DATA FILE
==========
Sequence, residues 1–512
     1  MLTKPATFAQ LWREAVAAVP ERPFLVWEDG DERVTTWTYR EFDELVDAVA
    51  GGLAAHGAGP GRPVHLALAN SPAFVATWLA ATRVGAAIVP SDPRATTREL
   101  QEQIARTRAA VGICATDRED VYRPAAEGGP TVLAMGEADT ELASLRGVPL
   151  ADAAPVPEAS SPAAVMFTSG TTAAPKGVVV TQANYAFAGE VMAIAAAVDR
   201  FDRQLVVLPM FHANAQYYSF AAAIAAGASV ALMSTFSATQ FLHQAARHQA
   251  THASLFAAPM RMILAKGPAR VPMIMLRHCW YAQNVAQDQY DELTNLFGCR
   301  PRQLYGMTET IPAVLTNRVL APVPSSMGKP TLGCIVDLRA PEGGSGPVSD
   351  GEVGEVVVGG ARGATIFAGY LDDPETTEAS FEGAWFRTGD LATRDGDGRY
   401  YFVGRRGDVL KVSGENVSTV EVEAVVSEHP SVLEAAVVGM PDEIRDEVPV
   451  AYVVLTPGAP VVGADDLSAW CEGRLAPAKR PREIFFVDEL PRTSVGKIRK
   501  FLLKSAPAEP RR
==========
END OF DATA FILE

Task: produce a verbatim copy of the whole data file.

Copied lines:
Sequence, residues 1–512
     1  MLTKPATFAQ LWREAVAAVP ERPFLVWEDG DERVTTWTYR EFDELVDAVA
    51  GGLAAHGAGP GRPVHLALAN SPAFVATWLA ATRVGAAIVP SDPRATTREL
   101  QEQIARTRAA VGICATDRED VYRPAAEGGP TVLAMGEADT ELASLRGVPL
   151  ADAAPVPEAS SPAAVMFTSG TTAAPKGVVV TQANYAFAGE VMAIAAAVDR
   201  FDRQLVVLPM FHANAQYYSF AAAIAAGASV ALMSTFSATQ FLHQAARHQA
   251  THASLFAAPM RMILAKGPAR VPMIMLRHCW YAQNVAQDQY DELTNLFGCR
   301  PRQLYGMTET IPAVLTNRVL APVPSSMGKP TLGCIVDLRA PEGGSGPVSD
   351  GEVGEVVVGG ARGATIFAGY LDDPETTEAS FEGAWFRTGD LATRDGDGRY
   401  YFVGRRGDVL KVSGENVSTV EVEAVVSEHP SVLEAAVVGM PDEIRDEVPV
   451  AYVVLTPGAP VVGADDLSAW CEGRLAPAKR PREIFFVDEL PRTSVGKIRK
   501  FLLKSAPAEP RR